Alice Pike Barney (1857-1931) is best remembered for her efforts to transform Washington, D.C., into the nation's cultural capital during the first quarter of the twentieth century. Barney's interest in art began in her childhood, under the influence of her father, Samuel Nathan Pike, a multimillionaire businessman and active patron of the arts in Cincinnati, Ohio.
Alice married Albert Clifford Barney in 1876, after a short-lived engagement to celebrated African explorer Sir Henry Morton Stanley. Although her husband did not approve of her art interests, Alice went to Paris to study with John Singer Sargent's teacher, Carolus-Duran, and with the French pre-Raphaelite painter, Jean Jacques Henner in the fall of 1896-1897. A year later, she returned to Paris to study with expatriate American painter James MacNeill Whistler. Barney returned from her experience in Parisian salons intent on building a thriving arts center in the District that would cater to every member of society, not just the social elite. At the time, Washington, D.C., lacked an indigenous arts community or sufficient galleries to sponsor artists' work. Barney began to show her paintings in exhibitions with other prominent or up-and-coming Washington painters, including James Henry Mosher, Richard Norris Brooke, William Henry Holmes, and Hobart Nichols. In November 1901, she presented her first solo exhibition at the Corcoran Gallery of Art's new Hemicycle gallery. Her unique, individual style moved her rapidly to a position of leadership in local art circles. Within a week of the Corcoran exhibition opening, she was elected vice-president of the Society of Washington Artists.
Barney also earned a reputation in Washington, D.C., for her lavishly detailed, artistically rendered ballets, mimes, tableaux, plays, and other theatrical productions. During World War I, Barney pushed for and convinced Congress to fund the building of the National Sylvan Theater on the grounds of the Washington Monument. The theater, dedicated on April 4, 1917, was the nation's first federally supported outdoor theater.
One of Barney's most important contributions to the Washington art scene was Studio House, located at Sheridan Circle and designed by architect Waddy B. Wood in 1902. During Barney's residence in Washington, D.C., the house functioned as her home, her art studio, and the District's cultural center. Elaborately decorated by Barney herself, the house hosted countless theatrical productions, art exhibitions, and visiting avant-garde artists. Her guest list included the Franklin Roosevelts and Cabot Lodges; Sarah Bernhardt and G. K. Chesterton; Admiral Dewey and the Levi Leiters; Emma Calve and Anna Pavlova; Alice Roosevelt and Chief Justice Harlan; President William H. Taft and Countess Cassini.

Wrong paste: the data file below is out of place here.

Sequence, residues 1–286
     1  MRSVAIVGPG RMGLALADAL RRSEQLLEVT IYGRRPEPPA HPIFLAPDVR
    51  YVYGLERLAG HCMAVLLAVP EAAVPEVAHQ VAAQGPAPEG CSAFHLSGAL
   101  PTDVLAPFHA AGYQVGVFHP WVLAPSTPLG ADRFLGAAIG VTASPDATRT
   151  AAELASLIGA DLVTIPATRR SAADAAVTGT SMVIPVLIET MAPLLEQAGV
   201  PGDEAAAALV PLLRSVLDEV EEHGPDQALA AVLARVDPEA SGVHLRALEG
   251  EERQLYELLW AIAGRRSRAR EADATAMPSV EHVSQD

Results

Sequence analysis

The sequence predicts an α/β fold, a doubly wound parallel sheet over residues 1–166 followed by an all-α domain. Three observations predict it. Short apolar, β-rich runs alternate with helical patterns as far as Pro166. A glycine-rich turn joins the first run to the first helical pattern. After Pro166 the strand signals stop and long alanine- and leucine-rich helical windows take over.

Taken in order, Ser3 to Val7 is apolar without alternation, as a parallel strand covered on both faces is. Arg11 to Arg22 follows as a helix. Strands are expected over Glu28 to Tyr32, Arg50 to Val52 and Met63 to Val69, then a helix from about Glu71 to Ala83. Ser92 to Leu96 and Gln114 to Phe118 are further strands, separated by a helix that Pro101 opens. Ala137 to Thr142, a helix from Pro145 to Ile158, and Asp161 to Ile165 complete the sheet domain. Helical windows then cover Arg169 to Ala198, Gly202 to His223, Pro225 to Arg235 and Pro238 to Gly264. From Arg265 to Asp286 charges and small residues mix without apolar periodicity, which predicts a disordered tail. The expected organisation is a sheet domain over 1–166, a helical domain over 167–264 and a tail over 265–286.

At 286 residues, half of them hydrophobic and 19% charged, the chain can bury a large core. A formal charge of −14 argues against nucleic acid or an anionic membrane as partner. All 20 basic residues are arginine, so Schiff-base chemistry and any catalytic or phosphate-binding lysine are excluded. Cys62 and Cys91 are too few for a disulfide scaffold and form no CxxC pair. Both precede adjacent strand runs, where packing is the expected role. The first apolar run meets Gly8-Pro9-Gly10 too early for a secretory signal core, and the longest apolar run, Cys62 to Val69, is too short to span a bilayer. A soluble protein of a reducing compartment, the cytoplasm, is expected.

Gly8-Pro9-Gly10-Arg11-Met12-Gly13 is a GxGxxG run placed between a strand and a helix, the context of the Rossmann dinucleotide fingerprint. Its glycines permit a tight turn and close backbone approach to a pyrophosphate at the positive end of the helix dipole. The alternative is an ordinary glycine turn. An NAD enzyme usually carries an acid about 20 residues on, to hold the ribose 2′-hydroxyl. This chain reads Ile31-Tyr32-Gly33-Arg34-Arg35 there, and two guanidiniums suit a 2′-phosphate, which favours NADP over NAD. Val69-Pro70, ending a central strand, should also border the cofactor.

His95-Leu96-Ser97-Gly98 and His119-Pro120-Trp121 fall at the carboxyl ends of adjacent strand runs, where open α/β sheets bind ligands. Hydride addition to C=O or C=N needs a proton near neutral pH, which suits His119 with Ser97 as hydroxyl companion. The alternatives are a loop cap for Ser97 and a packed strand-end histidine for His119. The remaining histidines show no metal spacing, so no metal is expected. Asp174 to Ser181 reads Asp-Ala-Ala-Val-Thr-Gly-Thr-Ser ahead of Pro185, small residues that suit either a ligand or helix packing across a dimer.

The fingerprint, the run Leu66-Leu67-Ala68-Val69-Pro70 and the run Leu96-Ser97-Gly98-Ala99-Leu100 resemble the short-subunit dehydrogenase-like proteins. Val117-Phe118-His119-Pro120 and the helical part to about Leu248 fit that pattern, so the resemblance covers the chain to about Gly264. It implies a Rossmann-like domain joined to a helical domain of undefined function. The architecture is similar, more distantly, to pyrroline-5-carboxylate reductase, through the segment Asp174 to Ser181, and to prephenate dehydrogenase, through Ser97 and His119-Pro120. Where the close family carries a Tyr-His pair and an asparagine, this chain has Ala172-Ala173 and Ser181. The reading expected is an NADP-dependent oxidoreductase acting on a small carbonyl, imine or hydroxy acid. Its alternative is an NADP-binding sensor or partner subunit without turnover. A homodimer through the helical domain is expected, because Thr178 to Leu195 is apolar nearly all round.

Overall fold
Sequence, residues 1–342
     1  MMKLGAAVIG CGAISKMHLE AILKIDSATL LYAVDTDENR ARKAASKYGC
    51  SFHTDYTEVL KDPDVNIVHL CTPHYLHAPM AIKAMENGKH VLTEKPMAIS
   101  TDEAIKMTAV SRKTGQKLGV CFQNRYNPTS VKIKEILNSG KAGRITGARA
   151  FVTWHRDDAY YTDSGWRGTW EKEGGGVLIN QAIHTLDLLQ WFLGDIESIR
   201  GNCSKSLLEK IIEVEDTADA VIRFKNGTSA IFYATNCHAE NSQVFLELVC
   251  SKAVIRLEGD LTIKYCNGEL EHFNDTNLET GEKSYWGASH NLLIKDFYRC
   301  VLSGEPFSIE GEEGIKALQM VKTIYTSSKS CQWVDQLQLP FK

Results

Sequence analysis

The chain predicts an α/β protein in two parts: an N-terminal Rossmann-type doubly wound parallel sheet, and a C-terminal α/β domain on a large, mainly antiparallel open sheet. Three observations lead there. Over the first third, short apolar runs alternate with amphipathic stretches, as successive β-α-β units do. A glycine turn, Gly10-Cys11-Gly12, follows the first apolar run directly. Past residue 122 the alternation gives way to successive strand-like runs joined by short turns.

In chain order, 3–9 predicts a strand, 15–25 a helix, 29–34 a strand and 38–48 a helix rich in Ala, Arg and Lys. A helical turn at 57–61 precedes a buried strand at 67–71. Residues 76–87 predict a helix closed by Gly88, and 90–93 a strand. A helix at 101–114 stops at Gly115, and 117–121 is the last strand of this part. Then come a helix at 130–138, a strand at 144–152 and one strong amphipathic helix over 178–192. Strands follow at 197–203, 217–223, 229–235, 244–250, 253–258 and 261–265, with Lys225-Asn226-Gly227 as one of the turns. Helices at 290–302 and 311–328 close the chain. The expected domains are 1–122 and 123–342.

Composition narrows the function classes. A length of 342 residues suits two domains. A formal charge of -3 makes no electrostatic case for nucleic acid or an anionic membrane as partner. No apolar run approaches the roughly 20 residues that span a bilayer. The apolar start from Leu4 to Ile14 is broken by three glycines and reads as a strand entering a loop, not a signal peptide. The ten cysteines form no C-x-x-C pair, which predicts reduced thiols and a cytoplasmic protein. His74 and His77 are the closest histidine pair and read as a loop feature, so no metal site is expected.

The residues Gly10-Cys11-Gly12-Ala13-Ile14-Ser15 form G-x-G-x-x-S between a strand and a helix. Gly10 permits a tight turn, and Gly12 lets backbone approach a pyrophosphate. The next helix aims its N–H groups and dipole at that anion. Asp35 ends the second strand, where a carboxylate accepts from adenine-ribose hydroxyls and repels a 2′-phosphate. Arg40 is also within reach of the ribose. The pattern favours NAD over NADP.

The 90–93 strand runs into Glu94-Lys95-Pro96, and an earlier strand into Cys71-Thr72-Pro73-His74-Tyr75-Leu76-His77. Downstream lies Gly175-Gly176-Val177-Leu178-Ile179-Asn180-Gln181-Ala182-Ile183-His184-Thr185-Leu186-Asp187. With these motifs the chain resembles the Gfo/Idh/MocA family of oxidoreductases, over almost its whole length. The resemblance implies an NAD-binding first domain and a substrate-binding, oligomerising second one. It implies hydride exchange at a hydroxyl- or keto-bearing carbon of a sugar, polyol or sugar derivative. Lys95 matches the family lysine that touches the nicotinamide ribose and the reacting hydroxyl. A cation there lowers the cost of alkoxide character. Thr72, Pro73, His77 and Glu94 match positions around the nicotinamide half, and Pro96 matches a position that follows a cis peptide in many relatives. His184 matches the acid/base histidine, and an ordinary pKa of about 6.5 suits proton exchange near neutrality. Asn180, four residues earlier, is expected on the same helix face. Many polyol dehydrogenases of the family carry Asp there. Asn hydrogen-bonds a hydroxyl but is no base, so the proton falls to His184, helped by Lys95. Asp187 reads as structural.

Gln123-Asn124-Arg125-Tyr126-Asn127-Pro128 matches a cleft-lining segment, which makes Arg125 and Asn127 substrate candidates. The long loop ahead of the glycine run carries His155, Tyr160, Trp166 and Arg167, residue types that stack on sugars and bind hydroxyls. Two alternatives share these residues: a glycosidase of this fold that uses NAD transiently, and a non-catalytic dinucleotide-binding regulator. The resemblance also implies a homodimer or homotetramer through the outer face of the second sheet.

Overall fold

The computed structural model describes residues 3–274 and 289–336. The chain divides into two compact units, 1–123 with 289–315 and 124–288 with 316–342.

Barney also devoted her time and her gift for fund raising to Neighborhood House, a settlement house in southwest Washington, and to the women's suffrage cause. In 1914, she was elected president of the Washington branch of the newly founded Women's Peace Party, established by settlement house founder Jane Addams. In 1927, at age 70, Barney moved to Hollywood, California, to be near her oldest sister. There she continued her painting, opened a small theater called Theatre Mart, and wrote plays, including a rewrite of her daughter Natalie's play
, which won the Drama League of America contest in 1927. In 1931, at the age of 74, Alice Pike Barney died of a heart attack.
Alice's daughters, with whom she remained close, lived most of their lives in Paris. Natalie became an author of books of poetry and aphorisms in French. An outspoken lesbian, Natalie was a longtime lover of expatriate American artist Romaine Brooks. Laura married French lawyer Hippolyte Dreyfuss, was an early proponent of Bahaism, and an active campaigner for women's rights and world peace. She was made a chevalier and then an officier of the French Legion of Honor for her service to France during both World Wars. Both sisters died in Paris in their nineties.
In 1960, Natalie and Laura gave Studio House to the Smithsonian Institution for use as an arts and cultural center. The building initially housed offices and visiting scholars and guests. After renovation in 1980, Studio House was opened to the public for tours and entertainment events, including restagings of several of Alice Pike Barney's plays. In March 1995, the Smithsonian approved the pending sale of Barney Studio House, the proceeds to go toward the endowment fund for its National Museum of American Art.
For more biographical information, see Jean L. Kling's
Alice Pike Barney, Her Life and Art
(Smithsonian Institution Press, 1994).